I think I did the best in the classes where I got lots of sample exams and worked through as many as I could. If you can find a good study partner, work through the test separately, then compare answers. Quiz each other by trying to come up with hypotheticals that fit and test each point of the law in your outline.
Also, look at cram.com - it's a flash card site. I did my bar-prep cards there:
The black-letter law is pretty similar from state to state.
Weird, this guy is a Huey door gunner and agrees with what AlfredPennyworthAMA says.
There's even some flashcards to help memorize the effects.
I also failed SEC+ twice before passing on the third try. I got a 690 and a 740 before passing with an 820. You might want to try going with CBT Nuggets as well, which is primarily what I used, i find their delivery a bit more entertaining, I also went with Darril Gibson's book, and his flash cards/practice questions, which includes good examples of the performance based questions. I think that made probably the biggest difference, I think I paid about 20$ for access to his stuff. There's also lots of pre-made free flash cards out there that you can use. Here is one that I found.
Just Google it. There are more than what I listed.
I got styles, some stuff on kegging, a good number of questions on cleaning barware, infection identification, and like 2 questions on pairing. Fairly diversified, but I found these flashcards to be generally pretty helpful.
I'd give it a 5or 6. I definately over studied and only prepared one week in advance. I used the ASA test guides, ASA general book, the Jeppesen airframe book, and flashcards on Cram (Airframe. , General). Those Cram cards are way overkill but it did hurt. The best study method I found Is to skim through the Jeppesen book and read the description for each chapter in the book. If I saw something unfamiliar I would read that section. If you can go through the whole book and understand every section, you can easily pass your orals
With social studies if you paid attention to all of your own content classes you should be fine. I studied for about 4 hours the day before just to see what I could expect. I found online flashcards had a bunch of relevant information. You aren't going to learn everything you need from them, but it will bring all that information to the front. I got a 187. cram.com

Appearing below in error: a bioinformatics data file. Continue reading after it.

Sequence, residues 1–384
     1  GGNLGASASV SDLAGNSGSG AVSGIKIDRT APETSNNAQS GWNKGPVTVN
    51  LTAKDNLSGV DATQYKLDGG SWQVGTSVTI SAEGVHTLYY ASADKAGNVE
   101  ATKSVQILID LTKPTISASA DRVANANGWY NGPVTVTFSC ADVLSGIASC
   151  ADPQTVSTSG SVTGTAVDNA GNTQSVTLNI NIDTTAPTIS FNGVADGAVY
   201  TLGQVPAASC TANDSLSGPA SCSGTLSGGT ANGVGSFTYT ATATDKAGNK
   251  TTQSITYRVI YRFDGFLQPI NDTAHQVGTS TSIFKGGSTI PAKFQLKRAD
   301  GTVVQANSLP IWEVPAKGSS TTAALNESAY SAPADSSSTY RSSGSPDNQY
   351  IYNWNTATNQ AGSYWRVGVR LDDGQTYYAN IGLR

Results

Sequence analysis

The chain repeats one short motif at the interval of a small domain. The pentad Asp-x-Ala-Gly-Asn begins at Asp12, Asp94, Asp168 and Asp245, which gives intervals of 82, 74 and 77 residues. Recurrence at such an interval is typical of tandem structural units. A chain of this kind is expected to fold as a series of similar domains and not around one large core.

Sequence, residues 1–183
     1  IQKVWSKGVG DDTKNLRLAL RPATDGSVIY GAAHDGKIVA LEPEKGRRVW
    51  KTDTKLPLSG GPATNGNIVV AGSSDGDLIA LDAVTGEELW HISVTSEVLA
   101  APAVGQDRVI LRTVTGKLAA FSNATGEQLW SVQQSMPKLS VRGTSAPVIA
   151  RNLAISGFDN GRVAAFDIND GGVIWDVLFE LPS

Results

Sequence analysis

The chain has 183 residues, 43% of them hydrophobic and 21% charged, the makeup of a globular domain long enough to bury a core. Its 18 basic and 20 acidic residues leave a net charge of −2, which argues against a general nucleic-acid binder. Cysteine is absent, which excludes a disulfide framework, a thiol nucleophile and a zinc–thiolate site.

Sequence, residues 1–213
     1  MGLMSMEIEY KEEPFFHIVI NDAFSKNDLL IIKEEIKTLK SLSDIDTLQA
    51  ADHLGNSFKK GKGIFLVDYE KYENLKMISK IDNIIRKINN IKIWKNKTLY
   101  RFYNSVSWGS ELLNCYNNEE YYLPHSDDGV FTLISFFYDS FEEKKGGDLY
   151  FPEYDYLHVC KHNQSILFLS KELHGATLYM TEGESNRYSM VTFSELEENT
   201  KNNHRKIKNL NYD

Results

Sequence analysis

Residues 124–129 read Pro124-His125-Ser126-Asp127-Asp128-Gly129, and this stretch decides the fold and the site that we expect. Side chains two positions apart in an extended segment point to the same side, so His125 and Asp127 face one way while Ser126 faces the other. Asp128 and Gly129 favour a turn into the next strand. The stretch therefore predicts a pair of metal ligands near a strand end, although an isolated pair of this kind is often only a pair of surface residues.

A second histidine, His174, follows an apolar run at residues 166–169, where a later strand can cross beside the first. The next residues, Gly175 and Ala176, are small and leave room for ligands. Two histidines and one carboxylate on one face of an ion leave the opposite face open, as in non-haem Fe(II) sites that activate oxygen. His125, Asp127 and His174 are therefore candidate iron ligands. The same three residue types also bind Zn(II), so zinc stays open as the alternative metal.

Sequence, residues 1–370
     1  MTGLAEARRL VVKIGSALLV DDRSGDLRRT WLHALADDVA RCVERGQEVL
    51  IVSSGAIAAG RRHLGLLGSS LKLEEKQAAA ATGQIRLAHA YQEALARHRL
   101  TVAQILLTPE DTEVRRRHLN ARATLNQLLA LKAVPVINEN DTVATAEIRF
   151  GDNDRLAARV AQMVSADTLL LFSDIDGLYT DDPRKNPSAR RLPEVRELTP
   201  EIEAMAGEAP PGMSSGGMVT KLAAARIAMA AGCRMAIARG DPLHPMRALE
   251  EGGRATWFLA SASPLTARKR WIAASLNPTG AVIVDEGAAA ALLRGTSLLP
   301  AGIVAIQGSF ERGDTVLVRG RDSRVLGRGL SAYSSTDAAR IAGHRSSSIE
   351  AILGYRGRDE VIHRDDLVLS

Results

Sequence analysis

I'm a 401 and a friend that took the new one told me it wasn't that hard, just plenty of Process Builder and Lighting.
Here's some study material:
Good Luck on yer test OP! You're gonna do fine!
ah ok. try going to cram.com. they have tons of flashcards to help you study.
I should add that usually the first round of exams for a position like the one you describe will not be specific to wastewater. it will probably be focused more on things like general math, general reading comprehension, basic mechanical knowledge, tool knowledge, etc. so be prepared for those kinds of questions as well.
Make flashcard for well-known ports. I made them for FTP, SSH, Telnet, SMTP, DNS, HTTP, POP3, NNTP, NTP, IMAP4, HTTPS, RDP, TFTP, DHCP, and SNMP.
Here you can use the ones I put into Cram.com. I have found this site/mobile app very helpful for studying for exams. http://www.cram.com/flashcards/net-well-known-ports-4947460
Does anyone have a question dump from ABSG?
Edit: These 60 Cram.com flash cards appear to be lifted directly from ABSG. All the Universal Container scenarios seem familiar
Read up on these quizzes posted online - they are word for word (or are very similar) the questions on the ADL exam.
These were pretty nice to have.